And why not support them in making internal campaigns that promote diversity and inclusion within the school? At the same time, you can encourage students to take part in peer education, as students might be open to new ideas if their peers promote them. You can also organize peer mediation activities, where students openly discuss social equity and how discrimination prevents it.

Partnerships With Organizations

Combating discrimination through education is possible. You only need to create the right context for this, as learning can take many forms. One of the ways to do this is to partner with other organizations around the city and do activities together. These organizations, who are already fighting discrimination at a larger scale, have a lot of resources ready.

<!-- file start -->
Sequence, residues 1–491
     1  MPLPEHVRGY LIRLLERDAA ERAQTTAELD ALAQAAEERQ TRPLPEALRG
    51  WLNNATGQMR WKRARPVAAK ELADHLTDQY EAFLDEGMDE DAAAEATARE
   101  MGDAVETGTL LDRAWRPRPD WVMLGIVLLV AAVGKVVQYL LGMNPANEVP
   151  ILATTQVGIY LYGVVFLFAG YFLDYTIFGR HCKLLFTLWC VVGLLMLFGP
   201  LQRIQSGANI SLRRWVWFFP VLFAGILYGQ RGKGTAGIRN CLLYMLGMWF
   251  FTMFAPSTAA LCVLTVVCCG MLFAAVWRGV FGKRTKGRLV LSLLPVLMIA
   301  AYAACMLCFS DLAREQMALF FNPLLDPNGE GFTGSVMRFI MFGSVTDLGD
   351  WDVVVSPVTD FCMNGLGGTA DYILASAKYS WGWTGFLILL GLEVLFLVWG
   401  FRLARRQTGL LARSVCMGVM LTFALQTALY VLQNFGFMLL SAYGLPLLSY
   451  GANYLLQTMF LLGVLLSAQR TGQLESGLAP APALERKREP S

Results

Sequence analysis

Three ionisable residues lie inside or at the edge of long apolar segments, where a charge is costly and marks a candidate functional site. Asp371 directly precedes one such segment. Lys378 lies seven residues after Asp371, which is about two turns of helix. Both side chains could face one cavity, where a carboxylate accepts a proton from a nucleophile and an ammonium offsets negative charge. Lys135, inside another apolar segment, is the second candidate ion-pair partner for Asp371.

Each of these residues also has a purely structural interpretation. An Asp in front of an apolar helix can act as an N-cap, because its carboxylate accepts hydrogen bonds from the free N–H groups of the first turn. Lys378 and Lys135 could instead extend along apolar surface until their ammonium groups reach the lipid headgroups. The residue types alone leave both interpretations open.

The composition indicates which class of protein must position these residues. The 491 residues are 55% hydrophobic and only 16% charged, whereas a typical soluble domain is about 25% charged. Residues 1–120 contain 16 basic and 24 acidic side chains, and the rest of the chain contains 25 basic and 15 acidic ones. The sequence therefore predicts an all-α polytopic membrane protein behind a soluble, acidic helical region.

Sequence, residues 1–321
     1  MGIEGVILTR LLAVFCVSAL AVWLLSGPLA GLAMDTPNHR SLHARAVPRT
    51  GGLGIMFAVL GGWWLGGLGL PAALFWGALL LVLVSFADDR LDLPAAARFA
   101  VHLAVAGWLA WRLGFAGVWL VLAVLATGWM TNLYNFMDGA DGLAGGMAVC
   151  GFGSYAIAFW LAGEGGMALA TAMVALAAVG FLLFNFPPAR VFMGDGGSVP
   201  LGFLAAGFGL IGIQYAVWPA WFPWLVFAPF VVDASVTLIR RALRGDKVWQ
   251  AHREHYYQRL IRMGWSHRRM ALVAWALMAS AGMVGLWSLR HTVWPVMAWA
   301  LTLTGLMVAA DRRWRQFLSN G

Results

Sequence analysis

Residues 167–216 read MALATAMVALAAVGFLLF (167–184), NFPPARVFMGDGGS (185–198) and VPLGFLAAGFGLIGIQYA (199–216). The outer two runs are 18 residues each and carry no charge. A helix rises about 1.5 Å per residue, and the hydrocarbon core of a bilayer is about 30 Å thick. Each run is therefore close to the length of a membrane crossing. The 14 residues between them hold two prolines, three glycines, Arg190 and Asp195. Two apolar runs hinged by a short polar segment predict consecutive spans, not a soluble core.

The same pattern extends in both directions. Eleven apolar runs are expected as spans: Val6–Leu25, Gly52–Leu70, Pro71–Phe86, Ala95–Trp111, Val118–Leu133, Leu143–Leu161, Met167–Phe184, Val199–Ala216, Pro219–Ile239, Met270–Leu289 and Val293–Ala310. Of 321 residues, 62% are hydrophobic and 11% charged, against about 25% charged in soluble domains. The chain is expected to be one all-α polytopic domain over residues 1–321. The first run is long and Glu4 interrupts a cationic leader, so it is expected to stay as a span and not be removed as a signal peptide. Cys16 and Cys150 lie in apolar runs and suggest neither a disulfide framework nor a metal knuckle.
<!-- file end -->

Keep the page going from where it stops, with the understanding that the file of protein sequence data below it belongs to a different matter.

But they also know how to tackle even the most challenging topics and answer provocative answers.

And they can open the eyes of students to what discrimination looks like, on its negative effects on people. They can ask thought-provoking questions, encourage students to think about their behaviors and belief systems, and even organize games or activities.

They can facilitate meetings with people from the community who are actively fighting discrimination, but also with individuals that are constantly subject to discrimination.

Storytelling has always had the power to change people’s minds, and partnering with these organizations helps you combat discrimination within schools. Creating opportunities for students and the school staff to meet with these groups triggers change.